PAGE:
“The Invisible War” is a gripping description of the epidemic of rape within the American military, as documented in the new Sundance-acclaimed film by director Kirby Dick and producer Amy Ziering. If the horrors depicted in this documentary reveal the extent of hidden sexual violence within the military, one can only shudder at the scale of rape inflicted by American troops in the field on Iraqis and Afghans but rarely if ever reported.
At the very least, the film is a challenge to the liberal assumption that the American military is capable of “humanitarian” interventions with only a minimum of accidental or collateral damage to civilian populations.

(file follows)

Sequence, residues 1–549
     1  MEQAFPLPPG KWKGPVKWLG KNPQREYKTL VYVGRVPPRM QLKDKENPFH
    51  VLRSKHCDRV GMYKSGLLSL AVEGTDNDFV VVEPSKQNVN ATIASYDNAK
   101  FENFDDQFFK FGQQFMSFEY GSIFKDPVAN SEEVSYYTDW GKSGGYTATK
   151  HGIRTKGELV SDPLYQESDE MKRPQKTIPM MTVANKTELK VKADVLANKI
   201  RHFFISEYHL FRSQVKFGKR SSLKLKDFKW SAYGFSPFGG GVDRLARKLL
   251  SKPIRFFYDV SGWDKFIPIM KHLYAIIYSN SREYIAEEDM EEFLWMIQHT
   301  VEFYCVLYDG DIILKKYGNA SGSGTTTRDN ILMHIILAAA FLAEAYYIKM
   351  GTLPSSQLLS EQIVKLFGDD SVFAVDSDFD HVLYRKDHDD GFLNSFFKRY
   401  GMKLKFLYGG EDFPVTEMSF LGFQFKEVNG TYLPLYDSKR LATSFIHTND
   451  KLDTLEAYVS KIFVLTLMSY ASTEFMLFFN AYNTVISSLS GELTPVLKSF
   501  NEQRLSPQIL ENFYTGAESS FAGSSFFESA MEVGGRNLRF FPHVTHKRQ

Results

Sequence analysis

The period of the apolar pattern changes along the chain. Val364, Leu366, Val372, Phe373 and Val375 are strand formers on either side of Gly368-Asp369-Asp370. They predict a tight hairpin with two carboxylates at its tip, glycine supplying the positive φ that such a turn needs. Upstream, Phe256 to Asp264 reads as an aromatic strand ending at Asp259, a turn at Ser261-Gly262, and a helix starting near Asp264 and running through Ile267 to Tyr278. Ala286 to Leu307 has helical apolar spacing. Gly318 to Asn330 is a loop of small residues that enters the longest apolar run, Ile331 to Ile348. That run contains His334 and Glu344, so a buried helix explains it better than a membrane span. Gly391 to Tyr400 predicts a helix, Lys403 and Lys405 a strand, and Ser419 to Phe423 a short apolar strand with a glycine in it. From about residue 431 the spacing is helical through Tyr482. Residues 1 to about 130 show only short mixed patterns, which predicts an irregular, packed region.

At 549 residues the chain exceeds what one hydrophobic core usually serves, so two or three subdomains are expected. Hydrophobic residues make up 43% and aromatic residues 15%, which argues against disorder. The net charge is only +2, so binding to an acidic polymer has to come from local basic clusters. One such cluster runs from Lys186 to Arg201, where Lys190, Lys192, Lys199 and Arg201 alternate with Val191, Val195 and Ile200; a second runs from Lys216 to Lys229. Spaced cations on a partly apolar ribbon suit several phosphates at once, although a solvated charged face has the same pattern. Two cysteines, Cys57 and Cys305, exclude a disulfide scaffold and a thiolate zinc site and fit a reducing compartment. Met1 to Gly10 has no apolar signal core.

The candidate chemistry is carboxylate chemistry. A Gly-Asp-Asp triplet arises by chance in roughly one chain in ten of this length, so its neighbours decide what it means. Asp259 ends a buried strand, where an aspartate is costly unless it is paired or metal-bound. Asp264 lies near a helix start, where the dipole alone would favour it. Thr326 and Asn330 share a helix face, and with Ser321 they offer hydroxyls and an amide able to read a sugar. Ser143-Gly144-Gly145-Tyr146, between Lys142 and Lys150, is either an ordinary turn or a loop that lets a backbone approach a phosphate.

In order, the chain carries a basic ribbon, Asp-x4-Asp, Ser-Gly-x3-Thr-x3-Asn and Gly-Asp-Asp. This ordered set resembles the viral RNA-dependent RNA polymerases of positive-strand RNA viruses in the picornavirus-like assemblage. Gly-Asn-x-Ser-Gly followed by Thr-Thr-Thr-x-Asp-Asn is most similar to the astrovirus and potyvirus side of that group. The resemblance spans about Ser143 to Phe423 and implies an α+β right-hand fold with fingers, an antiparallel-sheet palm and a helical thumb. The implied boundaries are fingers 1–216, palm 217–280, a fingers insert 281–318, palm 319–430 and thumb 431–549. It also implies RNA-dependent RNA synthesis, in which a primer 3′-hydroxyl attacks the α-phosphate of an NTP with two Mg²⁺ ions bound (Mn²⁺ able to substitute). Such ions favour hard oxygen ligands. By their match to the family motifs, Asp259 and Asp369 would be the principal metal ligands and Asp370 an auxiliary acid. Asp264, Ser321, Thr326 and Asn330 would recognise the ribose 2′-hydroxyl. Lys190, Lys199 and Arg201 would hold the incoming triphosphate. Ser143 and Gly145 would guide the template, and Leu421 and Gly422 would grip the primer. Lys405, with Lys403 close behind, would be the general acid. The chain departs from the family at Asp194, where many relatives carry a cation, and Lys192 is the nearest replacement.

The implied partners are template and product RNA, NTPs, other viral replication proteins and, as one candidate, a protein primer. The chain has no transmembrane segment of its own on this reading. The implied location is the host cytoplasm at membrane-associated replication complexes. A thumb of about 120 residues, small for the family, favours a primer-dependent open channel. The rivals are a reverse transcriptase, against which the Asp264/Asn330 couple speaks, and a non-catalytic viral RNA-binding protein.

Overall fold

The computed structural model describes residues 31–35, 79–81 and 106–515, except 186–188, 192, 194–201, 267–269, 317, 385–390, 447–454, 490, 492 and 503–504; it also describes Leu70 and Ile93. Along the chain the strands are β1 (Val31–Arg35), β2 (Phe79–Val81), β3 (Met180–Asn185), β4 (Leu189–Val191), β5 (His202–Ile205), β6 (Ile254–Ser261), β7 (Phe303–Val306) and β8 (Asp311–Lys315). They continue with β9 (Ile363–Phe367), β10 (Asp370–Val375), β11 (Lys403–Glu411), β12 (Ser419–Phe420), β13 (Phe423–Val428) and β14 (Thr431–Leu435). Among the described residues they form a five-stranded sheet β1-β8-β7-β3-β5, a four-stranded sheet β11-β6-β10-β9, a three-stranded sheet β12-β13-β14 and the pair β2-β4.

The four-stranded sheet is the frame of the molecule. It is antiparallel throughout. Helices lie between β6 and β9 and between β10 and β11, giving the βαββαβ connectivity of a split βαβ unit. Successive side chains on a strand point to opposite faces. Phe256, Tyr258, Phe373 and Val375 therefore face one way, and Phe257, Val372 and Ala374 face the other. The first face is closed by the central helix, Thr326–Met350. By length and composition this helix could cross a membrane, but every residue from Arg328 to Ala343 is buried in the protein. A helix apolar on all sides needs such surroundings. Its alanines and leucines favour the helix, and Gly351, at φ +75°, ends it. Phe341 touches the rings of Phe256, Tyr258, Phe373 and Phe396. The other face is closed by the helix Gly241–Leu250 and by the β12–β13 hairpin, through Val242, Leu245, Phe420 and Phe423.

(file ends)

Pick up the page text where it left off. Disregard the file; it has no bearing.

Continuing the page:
According to official studies, there were 3,158 sexual crimes reported within the military last year, as against another 19,000 cases of sexual assault that went unreported. The Department of Veterans Affairs has estimated that one in three women experience sexual trauma during active service, double the rate for civilians calculated by the Department of Justice. Of the 3,158 cases reported, only 104 convictions were sustained.
“The Invisible War” has been viewed by members of Congress and Defense Secretary Leon Panetta, who in response promised to reform the military’s inbred culture of prosecution. Several scandals have erupted over the military’s culture of abuse and cover-up since the 1991 Navy Tailhook scandal.
The film is playing in Los Angeles, New York, Washington DC, Boston and San Francisco.